MS: Well, we had six years to work on it because Michael pitched me the part six years before we shot it. After I read the first draft of the script, I had this image of a half-man, half-bull kind of figure. So I thought his physical appearance was very important in evoking a lot for the spectators, to make them see this kind of Frankenstein being. And at the same time, I knew that once I got his physical appearance I could focus more on the vulnerable part of the character, which to me was more the core. I think Jacky moves through life through a deep existential pain and that to me was the most important thing.

It’s interesting that you mention Frankenstein, because as I was watching the film — particularly during the final act — I really began to think of that story. Michael, is that a text that really resonates with you?

MRR: The archetypes of the monster and the freak, you can apply it very much to this character. Beauty and the Beast. King Kong and the girl. Even Batman. Batman is traumatized as a kid by bats, so he becomes a bat.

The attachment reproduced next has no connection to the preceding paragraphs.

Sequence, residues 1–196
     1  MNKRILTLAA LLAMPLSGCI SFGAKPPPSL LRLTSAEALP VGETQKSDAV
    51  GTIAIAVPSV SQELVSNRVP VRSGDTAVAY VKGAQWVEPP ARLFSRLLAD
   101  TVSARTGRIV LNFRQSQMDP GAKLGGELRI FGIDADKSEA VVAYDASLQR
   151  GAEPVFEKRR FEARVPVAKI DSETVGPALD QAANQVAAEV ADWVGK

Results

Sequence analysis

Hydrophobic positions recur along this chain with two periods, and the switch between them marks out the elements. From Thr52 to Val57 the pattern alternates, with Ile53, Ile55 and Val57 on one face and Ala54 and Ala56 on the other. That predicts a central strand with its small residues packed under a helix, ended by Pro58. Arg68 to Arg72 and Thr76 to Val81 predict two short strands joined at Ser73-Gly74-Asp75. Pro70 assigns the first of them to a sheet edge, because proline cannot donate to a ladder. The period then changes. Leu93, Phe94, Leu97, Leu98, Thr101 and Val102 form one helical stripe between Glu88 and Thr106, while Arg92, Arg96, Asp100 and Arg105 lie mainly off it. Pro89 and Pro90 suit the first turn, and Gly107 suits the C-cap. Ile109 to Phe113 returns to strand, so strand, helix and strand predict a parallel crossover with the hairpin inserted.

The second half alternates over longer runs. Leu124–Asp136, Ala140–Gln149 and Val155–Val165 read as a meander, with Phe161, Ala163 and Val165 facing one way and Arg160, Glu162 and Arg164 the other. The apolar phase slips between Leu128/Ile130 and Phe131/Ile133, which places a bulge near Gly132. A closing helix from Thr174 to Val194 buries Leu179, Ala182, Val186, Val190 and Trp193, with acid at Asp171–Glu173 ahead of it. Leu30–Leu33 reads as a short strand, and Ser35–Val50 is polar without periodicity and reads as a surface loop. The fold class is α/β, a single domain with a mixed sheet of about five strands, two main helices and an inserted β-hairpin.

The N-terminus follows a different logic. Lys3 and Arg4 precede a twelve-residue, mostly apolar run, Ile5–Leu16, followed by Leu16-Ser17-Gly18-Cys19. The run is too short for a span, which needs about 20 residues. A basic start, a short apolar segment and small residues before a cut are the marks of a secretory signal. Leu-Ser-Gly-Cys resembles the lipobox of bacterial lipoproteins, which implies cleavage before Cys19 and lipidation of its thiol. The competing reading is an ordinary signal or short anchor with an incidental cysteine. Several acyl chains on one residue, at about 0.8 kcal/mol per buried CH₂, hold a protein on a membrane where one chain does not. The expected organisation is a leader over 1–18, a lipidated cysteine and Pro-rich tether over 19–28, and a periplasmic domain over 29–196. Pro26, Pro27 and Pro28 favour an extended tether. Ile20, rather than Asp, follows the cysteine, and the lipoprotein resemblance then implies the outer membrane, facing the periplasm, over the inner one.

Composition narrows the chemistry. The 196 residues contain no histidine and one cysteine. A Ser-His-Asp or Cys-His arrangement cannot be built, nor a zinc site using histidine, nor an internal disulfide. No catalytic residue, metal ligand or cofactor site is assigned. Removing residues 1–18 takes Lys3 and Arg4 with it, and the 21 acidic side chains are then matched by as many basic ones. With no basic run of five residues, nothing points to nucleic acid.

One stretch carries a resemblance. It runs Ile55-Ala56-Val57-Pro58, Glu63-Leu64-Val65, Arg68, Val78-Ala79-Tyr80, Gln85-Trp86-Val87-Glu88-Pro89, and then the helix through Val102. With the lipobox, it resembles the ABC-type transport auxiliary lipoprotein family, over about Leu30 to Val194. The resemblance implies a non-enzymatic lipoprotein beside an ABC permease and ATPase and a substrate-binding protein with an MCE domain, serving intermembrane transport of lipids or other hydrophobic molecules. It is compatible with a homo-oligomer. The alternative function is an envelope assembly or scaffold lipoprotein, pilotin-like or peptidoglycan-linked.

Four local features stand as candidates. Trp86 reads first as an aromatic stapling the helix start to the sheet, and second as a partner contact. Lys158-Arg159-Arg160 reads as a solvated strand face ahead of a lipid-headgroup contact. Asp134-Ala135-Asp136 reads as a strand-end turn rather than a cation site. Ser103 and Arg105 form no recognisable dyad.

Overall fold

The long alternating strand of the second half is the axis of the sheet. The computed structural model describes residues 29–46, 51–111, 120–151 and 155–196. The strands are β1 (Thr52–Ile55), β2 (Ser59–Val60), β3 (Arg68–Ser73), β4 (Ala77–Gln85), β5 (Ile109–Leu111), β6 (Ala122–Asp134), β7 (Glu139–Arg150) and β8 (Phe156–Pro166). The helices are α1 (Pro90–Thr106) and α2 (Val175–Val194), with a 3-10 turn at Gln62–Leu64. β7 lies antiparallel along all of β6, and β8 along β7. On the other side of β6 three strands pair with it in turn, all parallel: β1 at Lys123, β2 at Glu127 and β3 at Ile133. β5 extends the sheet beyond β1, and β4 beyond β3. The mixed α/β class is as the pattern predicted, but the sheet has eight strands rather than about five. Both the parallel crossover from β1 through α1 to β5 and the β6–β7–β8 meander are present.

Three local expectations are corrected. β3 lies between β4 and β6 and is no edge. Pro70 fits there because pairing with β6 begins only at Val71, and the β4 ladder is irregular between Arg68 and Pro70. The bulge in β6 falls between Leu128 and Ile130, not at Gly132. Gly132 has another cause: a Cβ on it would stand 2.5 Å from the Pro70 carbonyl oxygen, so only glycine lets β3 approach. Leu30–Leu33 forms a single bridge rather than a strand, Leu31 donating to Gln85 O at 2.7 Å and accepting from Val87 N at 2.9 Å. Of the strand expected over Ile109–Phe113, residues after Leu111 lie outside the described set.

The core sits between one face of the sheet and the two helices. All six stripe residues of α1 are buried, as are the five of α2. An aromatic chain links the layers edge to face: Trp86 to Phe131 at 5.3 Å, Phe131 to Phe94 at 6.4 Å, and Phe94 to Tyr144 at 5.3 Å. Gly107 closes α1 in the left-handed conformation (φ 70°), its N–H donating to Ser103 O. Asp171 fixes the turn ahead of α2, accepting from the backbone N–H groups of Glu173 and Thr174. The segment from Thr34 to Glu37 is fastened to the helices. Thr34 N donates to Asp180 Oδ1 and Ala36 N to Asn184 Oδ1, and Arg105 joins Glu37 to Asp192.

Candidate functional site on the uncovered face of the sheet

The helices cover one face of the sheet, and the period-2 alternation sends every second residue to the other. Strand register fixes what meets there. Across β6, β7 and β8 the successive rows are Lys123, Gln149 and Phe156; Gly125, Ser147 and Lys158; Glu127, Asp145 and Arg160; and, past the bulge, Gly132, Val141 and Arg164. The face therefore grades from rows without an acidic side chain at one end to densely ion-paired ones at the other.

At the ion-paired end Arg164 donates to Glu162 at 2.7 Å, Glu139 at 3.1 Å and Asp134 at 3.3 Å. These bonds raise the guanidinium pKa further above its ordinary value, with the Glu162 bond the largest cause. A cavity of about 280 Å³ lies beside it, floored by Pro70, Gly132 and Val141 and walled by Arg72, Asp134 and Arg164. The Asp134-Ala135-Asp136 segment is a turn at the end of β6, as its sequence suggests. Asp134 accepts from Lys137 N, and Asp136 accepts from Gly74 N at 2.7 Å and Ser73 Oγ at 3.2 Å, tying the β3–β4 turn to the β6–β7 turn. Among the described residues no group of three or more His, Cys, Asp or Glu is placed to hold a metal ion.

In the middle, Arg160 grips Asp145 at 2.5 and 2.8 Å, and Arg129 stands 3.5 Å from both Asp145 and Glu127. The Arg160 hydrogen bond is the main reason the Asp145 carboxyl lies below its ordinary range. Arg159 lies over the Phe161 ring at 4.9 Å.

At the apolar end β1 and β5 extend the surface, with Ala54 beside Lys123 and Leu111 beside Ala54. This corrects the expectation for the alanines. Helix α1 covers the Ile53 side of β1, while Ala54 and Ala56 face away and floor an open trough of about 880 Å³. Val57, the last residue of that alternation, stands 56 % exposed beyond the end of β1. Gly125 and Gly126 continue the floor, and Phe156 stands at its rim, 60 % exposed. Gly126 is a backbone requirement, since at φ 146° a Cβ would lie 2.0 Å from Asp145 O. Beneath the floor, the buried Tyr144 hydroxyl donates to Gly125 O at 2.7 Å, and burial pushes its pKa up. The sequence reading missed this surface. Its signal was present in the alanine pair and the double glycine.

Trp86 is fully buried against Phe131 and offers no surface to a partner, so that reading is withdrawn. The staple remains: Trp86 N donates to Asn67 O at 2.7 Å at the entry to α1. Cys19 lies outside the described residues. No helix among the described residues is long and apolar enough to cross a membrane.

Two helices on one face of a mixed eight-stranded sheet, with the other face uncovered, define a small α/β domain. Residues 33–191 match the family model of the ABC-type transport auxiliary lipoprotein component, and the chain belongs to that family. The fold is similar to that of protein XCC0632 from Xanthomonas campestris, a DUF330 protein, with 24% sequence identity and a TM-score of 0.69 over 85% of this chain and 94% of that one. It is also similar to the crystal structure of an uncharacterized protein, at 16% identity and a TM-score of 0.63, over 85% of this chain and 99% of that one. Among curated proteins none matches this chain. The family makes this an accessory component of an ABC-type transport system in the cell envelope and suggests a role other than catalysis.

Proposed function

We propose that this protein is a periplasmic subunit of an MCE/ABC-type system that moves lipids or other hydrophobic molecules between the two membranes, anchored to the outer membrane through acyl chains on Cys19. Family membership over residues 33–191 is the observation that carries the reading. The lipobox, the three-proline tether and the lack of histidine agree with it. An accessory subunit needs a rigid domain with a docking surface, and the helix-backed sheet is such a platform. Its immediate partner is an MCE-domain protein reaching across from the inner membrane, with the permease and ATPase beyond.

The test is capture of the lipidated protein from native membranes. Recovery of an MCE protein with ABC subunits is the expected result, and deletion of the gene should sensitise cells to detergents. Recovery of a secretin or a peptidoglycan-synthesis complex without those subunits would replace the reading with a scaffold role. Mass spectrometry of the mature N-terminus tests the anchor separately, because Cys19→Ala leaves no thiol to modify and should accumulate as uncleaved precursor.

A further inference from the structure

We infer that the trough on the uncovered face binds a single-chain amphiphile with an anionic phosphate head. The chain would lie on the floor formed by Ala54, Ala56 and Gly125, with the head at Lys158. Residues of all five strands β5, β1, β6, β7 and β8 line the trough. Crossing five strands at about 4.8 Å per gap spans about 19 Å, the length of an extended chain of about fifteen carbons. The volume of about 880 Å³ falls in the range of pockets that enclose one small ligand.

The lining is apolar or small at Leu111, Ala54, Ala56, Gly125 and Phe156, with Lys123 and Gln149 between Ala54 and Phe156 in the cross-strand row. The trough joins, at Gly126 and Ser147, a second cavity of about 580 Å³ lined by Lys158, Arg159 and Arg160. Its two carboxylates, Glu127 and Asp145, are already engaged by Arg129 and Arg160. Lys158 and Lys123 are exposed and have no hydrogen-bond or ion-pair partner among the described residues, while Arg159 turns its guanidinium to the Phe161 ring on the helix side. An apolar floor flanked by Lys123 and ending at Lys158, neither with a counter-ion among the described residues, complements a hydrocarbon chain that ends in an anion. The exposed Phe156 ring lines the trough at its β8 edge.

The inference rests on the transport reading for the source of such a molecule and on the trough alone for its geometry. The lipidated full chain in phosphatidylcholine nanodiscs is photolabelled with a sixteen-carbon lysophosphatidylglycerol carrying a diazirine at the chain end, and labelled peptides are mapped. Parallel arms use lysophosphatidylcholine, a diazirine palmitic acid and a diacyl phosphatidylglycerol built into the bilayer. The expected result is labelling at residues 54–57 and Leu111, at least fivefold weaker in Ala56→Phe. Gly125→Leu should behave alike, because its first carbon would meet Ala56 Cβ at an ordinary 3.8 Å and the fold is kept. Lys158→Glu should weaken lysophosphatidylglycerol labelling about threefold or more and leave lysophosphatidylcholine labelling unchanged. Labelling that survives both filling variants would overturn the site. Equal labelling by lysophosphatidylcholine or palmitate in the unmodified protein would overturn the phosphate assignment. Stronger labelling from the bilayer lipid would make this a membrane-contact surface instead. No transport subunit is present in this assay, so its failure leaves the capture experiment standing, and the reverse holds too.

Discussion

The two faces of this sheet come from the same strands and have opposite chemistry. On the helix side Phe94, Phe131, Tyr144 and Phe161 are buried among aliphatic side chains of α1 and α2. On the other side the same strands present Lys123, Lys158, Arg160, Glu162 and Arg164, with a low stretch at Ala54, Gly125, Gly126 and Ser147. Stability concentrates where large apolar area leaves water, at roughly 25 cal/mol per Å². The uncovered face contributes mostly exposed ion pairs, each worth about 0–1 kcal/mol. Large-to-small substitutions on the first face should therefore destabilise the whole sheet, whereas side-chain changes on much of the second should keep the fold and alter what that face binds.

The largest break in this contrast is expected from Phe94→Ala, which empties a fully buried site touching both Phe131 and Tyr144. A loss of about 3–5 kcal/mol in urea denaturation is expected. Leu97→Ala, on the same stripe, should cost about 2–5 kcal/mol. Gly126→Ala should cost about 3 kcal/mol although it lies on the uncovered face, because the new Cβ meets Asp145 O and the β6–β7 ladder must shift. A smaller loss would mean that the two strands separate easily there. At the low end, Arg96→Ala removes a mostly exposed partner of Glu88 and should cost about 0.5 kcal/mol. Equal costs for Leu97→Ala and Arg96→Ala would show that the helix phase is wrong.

On a Freudian level, Jacky becomes his bully. He’s attacked by something that is bigger than him; even though it’s just another kid, he’s huge compared to him. It was a force he could not resist. So to deal with his own trauma, he also becomes a force you cannot resist, in a physical way and a psychological way. And it’s something that protects him. His body, this incredible mass of meat —

MS: — It’s like a fortress.

MRR: Yeah, and that’s why I deliberately chose not show any other interiors in his farm beyond the bathroom. There’s nothing else. We always stayed outside. The bathroom was like his Batcave. That’s the place where he can lay down in the shower and be alone and be himself and vulnerable again. He is like Frankenstein — not knowing how strong he is, being naive and even childish.

The character has such a unique onscreen presence, and he exhibits both human and animal characteristics. Even his breath, the way we constantly hear him huffing, he almost sounds like a snorting animal. Matthias, was that in the script, or was that an idea you guys collaborated on together?